So, that is what is going to happen to a generation of believers who have put their faith in Jesus Christ and who are “alive” (1 Thessalonians 4:17) on the Earth at the time this event occurs. They (perhaps us) are going to escape death and be “seized,” “carried off,” and “caught up” “to meet the Lord in the air” (1 Thessalonians 4:17). How amazing will that be to see Jesus in-person for the first time? The One who created us? The One who saved us? To finally behold our Maker with our own eyes! That’s going to be so amazing!
Now, something astounding happens as we ascend to meet the Lord. This is spoken about in 1 Corinthians 15…
1 Corinthians 15:51–52
“Behold, I tell you a mystery; we shall not all sleep [a euphemism, a figure of speech, to say we shall not all die], but we shall all be changed, in a moment, in the twinkling of an eye…”
When Jesus comes, His followers are going to be changed in the blink of an eye. Our mortal bodies that are subject to death and disease and so forth will “be changed” into incorruptible, immortal “heavenly” bodies (1 Corinthians 15:48) and we will “meet the Lord in the air. And thus we shall always be with the Lord” (1 Thess. 4:17). Aren’t you looking forward to this!—a new body fit for eternity?…spending eternity “with the Lord” (v. 17)? I am!
Why do I believe this glorious event will occur prior to the Tribulation spoken about in Matthew 24 and the Book of Revelation?
1. The Bible says that God has not appointed us, His church, to His wrath.
You Bible students know that the coming Tribulation is that very thing: a time when God is going to pour out His “wrath” (Revelation 6:16) on an unrepentant, God-rejecting, sinful world. Where does the Bible say the church in not appointed to this wrath? Well, for starters, just a few verses down from the passage we just looked at in 1 Thessalonians. Right after Paul talks about the Rapture, he says in chapter 5:2 and following…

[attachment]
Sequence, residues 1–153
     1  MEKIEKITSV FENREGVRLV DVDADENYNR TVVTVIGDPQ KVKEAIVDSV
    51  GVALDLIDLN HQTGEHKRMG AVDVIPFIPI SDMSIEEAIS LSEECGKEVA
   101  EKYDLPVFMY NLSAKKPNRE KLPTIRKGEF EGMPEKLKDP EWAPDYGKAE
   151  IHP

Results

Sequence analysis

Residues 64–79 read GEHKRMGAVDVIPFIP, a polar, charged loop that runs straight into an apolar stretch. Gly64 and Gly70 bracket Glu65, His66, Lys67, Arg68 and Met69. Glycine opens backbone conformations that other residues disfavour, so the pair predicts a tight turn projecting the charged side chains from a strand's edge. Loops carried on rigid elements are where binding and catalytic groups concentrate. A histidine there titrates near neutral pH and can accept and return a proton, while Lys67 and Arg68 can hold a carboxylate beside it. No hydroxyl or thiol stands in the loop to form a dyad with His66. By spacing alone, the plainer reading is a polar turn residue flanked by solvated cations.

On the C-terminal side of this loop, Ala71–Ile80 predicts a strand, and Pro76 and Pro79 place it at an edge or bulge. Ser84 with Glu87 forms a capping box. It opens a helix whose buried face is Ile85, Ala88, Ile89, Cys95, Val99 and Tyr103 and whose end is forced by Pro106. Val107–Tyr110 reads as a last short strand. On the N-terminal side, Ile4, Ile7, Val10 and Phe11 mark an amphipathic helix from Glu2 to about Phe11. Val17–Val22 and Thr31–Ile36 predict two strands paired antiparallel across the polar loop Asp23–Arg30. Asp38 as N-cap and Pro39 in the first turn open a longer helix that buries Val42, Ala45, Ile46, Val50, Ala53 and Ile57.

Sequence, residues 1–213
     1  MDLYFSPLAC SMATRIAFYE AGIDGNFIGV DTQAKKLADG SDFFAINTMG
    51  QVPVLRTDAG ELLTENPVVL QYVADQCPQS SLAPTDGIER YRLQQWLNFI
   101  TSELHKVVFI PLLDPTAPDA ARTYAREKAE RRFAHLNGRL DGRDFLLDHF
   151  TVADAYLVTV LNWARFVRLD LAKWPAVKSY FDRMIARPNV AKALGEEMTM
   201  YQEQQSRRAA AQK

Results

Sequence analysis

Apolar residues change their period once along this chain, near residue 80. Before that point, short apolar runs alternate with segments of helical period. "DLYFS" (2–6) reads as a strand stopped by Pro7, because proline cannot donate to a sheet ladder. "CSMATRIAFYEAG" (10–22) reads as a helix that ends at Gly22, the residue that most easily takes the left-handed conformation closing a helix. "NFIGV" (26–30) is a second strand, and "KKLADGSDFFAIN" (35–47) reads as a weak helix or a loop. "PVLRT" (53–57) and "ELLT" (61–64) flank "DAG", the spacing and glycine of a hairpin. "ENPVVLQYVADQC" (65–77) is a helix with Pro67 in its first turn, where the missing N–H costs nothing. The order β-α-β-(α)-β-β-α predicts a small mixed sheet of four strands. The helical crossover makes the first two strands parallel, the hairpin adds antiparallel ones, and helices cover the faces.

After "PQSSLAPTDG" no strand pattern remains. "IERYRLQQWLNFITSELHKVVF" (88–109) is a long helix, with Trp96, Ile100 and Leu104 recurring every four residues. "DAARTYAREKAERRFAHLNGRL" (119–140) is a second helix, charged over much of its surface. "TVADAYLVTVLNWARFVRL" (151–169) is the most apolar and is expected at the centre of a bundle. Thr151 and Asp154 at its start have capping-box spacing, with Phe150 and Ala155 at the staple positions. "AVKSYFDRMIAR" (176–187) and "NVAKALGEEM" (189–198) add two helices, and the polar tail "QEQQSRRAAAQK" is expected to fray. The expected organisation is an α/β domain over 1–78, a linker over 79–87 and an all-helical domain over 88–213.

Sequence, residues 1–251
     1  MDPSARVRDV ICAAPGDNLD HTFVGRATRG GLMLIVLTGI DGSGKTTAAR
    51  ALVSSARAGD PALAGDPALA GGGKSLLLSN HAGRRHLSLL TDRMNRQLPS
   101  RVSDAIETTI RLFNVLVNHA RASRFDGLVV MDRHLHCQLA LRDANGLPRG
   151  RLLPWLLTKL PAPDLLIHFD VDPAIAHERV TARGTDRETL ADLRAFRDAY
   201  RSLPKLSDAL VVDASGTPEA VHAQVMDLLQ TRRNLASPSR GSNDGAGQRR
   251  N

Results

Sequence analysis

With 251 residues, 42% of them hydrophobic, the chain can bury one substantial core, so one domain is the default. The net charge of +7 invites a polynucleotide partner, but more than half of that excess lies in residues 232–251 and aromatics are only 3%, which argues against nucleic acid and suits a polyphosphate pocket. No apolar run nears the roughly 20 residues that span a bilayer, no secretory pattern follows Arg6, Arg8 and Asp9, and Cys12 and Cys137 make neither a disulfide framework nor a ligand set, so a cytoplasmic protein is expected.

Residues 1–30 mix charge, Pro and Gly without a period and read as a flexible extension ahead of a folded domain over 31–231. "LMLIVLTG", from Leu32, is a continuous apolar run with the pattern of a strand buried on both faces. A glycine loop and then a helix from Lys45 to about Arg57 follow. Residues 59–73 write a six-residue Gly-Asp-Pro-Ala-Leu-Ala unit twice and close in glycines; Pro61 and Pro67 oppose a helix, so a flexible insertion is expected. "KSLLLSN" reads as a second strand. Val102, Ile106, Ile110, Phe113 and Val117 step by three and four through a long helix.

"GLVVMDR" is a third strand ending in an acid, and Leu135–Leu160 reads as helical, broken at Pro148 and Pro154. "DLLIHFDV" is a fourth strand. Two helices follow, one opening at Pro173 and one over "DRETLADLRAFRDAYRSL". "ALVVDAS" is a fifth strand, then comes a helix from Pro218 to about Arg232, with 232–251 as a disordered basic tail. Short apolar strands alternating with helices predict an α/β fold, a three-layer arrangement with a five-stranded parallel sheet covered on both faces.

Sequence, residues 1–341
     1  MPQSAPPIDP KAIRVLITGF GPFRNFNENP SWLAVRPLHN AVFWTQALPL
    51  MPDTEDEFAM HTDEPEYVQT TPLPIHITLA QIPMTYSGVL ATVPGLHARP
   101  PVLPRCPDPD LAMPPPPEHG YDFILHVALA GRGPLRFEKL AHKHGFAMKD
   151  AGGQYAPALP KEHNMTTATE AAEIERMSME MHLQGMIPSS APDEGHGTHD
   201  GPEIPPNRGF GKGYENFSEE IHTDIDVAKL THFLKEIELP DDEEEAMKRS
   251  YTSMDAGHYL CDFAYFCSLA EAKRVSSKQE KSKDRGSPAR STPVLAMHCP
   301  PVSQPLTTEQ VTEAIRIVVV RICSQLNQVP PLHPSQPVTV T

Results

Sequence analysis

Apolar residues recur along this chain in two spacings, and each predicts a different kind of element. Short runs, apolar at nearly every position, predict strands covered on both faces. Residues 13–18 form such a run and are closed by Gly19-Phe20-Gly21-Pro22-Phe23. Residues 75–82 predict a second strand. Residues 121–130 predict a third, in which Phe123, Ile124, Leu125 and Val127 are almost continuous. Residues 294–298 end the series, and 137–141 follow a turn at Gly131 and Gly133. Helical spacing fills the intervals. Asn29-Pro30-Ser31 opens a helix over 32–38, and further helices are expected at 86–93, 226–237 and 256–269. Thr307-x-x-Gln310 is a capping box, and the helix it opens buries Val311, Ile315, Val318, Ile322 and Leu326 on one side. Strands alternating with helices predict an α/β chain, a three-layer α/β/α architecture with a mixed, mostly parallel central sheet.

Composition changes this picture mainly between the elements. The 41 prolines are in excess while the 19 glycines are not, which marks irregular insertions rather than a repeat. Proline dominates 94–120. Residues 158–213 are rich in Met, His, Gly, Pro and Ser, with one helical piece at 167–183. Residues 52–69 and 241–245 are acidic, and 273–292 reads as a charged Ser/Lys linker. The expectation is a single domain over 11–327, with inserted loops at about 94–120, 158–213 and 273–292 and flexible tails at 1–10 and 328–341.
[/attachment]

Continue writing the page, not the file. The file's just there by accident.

1 Thessalonians 5:2–11
2 For you yourselves know perfectly that the day of the Lord [a way of referring to the coming judgment of God, the Tribulation] so comes as a thief in the night.
3 For when THEY [nonbelievers, those living in “darkness” v. 4] say, “Peace and safety!” then sudden destruction comes upon [who?] THEM, as labor pains upon a pregnant woman. And THEY shall not escape.
Those living in darkness “shall not escape,” he says, but WE (who have been reconciled to God) will! And he goes on to make this clear in v. 4 and following….
1 Thessalonians 5:2–11
4 But you, brethren, are not in darkness, so that this Day should overtake you as a thief. [Why? Paul answers that in v. 9]
9 “For God did not appoint us to wrath, but to obtain salvation through our Lord Jesus Christ, 10 who died for us, that whether we wake [live] or sleep [die], we should live together with Him. 11 Therefore comfort each other and edify one another, just as you also are doing.”
So, the Bible says we (the brethren v. 4, followers of Jesus) are not appointed to this future time of wrath. Well, how are we going to avoid ending up in it? Paul already told the Thessalonians the answer to that question in chapter 1:10 when he said that it is…
1 Thessalonians 1:10
“…Jesus, who delivers us from the wrath to come.”
[from the coming time of Tribulation]
Friend, God is not going to pour His wrath out on His bride.
“The LORD will take vengeance on His adversaries, and He reserves wrath for His enemies.”
As the great theologian and Bible commentator Norman Geisler pointed out, “Christ has already experienced God’s wrath for believers…There is therefore now no condemnation for those who are in Christ Jesus (Romans 8:1). Because Christ bore God’s wrath for us…there is no reason for the church to experience [it].”